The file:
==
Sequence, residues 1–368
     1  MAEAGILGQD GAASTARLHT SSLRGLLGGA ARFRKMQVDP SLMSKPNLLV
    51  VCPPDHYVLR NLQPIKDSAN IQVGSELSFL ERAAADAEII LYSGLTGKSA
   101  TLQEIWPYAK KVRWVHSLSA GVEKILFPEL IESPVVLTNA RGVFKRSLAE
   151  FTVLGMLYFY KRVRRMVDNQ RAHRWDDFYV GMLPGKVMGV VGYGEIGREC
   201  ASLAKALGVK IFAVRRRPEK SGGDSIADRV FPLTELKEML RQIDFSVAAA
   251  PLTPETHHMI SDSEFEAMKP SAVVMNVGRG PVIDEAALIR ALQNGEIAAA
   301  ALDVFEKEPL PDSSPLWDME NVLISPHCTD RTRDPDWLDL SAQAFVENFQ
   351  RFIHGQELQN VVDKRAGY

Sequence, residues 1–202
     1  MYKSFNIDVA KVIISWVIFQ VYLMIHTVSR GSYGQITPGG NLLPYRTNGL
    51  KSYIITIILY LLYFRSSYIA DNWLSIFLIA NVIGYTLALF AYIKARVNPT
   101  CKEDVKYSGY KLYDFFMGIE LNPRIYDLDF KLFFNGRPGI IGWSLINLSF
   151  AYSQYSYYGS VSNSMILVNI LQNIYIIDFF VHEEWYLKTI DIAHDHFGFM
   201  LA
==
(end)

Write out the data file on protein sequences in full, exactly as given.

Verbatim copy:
Sequence, residues 1–368
     1  MAEAGILGQD GAASTARLHT SSLRGLLGGA ARFRKMQVDP SLMSKPNLLV
    51  VCPPDHYVLR NLQPIKDSAN IQVGSELSFL ERAAADAEII LYSGLTGKSA
   101  TLQEIWPYAK KVRWVHSLSA GVEKILFPEL IESPVVLTNA RGVFKRSLAE
   151  FTVLGMLYFY KRVRRMVDNQ RAHRWDDFYV GMLPGKVMGV VGYGEIGREC
   201  ASLAKALGVK IFAVRRRPEK SGGDSIADRV FPLTELKEML RQIDFSVAAA
   251  PLTPETHHMI SDSEFEAMKP SAVVMNVGRG PVIDEAALIR ALQNGEIAAA
   301  ALDVFEKEPL PDSSPLWDME NVLISPHCTD RTRDPDWLDL SAQAFVENFQ
   351  RFIHGQELQN VVDKRAGY

Sequence, residues 1–202
     1  MYKSFNIDVA KVIISWVIFQ VYLMIHTVSR GSYGQITPGG NLLPYRTNGL
    51  KSYIITIILY LLYFRSSYIA DNWLSIFLIA NVIGYTLALF AYIKARVNPT
   101  CKEDVKYSGY KLYDFFMGIE LNPRIYDLDF KLFFNGRPGI IGWSLINLSF
   151  AYSQYSYYGS VSNSMILVNI LQNIYIIDFF VHEEWYLKTI DIAHDHFGFM
   201  LA